It’s a superb mix of literary and popular fiction, along with of-the-comment commentary and even science fiction (who’d have thought the president, any president, would be reading Neal Stephenson?), the kind of list that a particularly good bookseller would have put in your hands if you told them: “What’s good now?”

So, if Obama’s looking for something to do, maybe there’s a bookstore hiring.

Weekend Reading: December 23, 2016

christmas_card2_bylouisprang

Readers’ Corner: The President’s Book List

obamabooks1

Peter Baker, one of the Times‘ more prolific and thoughtful chroniclers of goings-on in the nation’s capital, published an interesting piece earlier this week on Obama’s reading list. He keeps the psychology to a minimum, fortunately, but does find a few things to parse out here about the president’s personality and how it’s reflected in his choice of reading material:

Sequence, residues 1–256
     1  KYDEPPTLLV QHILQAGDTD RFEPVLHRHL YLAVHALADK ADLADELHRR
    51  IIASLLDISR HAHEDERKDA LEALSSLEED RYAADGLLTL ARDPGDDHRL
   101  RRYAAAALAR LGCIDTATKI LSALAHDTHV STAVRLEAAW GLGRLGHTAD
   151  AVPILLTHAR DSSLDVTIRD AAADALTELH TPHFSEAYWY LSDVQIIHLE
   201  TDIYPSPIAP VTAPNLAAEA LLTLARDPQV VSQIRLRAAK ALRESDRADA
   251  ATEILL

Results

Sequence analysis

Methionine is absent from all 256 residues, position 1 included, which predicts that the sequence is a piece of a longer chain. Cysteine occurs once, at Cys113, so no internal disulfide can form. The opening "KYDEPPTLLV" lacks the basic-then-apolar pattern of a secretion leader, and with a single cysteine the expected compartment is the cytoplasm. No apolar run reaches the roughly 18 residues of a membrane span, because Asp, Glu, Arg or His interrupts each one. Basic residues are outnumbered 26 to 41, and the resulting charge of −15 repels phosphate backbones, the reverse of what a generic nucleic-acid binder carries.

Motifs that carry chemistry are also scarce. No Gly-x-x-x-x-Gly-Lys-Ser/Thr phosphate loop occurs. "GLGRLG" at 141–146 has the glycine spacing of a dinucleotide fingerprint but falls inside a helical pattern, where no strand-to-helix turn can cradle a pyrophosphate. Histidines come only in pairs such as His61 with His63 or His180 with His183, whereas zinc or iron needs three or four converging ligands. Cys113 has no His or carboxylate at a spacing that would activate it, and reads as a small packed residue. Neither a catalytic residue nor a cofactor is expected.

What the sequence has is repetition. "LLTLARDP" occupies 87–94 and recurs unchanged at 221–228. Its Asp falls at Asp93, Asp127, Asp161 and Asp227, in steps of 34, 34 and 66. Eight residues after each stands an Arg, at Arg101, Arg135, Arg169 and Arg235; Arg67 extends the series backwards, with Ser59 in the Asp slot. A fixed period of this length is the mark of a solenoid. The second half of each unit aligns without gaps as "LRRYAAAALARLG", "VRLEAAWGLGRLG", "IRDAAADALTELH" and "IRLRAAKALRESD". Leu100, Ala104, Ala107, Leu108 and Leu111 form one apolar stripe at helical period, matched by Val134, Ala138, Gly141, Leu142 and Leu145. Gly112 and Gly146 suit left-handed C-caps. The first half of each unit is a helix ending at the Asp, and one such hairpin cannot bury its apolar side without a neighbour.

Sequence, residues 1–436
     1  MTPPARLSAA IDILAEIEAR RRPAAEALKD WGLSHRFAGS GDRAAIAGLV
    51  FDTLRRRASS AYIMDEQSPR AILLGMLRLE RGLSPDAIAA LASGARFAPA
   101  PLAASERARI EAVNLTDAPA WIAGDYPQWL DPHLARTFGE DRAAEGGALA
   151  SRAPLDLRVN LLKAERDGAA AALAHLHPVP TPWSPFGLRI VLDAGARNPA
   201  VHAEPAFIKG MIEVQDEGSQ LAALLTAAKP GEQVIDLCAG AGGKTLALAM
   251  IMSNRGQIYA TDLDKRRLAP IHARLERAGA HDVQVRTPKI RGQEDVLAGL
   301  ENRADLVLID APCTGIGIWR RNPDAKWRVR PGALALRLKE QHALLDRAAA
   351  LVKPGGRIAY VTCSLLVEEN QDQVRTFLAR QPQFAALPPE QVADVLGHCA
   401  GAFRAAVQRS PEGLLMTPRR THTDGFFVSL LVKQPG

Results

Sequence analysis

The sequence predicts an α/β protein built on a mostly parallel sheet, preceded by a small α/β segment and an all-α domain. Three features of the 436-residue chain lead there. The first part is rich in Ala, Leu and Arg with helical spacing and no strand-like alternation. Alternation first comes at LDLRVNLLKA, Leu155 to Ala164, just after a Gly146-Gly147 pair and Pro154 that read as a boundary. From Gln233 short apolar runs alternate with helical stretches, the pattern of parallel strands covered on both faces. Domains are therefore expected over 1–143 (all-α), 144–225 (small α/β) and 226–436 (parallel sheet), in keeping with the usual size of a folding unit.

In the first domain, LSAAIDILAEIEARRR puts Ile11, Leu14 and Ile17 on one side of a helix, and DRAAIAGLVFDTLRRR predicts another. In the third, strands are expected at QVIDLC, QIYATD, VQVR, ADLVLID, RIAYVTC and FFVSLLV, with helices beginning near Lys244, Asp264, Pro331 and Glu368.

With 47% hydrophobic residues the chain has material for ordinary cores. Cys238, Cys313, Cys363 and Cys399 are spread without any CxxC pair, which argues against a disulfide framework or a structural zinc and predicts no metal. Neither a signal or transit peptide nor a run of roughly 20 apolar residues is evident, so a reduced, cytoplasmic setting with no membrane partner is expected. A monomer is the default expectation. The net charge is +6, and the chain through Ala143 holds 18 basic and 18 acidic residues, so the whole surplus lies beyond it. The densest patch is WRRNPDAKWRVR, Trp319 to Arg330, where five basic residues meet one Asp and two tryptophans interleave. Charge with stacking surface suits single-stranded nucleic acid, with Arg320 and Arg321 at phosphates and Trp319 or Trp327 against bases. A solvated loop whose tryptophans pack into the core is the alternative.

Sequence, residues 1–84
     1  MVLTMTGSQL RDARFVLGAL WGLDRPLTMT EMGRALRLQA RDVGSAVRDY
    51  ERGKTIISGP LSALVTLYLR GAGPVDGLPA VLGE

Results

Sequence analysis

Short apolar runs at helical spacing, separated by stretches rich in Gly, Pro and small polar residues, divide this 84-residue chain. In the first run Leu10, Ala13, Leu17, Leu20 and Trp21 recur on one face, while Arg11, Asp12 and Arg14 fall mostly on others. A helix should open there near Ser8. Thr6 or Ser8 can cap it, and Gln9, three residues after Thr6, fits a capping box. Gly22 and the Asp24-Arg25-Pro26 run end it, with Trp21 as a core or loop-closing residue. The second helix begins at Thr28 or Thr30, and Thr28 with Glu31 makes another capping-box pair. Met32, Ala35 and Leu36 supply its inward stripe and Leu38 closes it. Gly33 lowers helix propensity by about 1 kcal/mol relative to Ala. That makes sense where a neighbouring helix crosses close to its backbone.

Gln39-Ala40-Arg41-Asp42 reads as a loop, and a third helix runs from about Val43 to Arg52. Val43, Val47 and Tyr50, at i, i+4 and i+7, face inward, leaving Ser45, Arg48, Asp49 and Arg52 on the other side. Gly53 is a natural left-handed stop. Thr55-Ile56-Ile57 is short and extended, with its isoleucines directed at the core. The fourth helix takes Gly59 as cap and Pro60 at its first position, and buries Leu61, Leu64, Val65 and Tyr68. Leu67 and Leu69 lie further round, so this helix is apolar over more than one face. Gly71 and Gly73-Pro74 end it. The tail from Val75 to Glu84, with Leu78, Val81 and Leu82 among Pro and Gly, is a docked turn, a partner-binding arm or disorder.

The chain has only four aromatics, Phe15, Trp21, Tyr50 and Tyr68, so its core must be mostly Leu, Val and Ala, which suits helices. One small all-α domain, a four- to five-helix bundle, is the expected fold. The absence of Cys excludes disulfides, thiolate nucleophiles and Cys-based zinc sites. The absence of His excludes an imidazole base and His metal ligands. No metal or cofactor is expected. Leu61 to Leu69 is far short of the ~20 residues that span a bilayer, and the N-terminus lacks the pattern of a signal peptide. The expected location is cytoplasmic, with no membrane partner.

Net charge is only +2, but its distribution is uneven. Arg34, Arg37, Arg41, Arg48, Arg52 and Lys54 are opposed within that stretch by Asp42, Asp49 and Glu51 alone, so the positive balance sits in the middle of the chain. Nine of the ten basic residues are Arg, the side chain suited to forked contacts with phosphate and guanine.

Unlike many of his predecessors, who devoured American history and biographies, Mr. Obama’s tastes lean toward the literary, in keeping with a man whose first memoir deeply explored issues of race and self. While Mr. Obama has read his share of Abraham Lincoln, he seems more intent on breaking out, mentally at least, from what Harry S. Truman once called the crown jewel of the American penal system.

Dubya, for instance, was particularly fond of the biography, reading some 14 books on Lincoln while he was in office. But the current president has more of a literary taste, not surprising in a man who first came to national attention for his facility with the written and spoken word.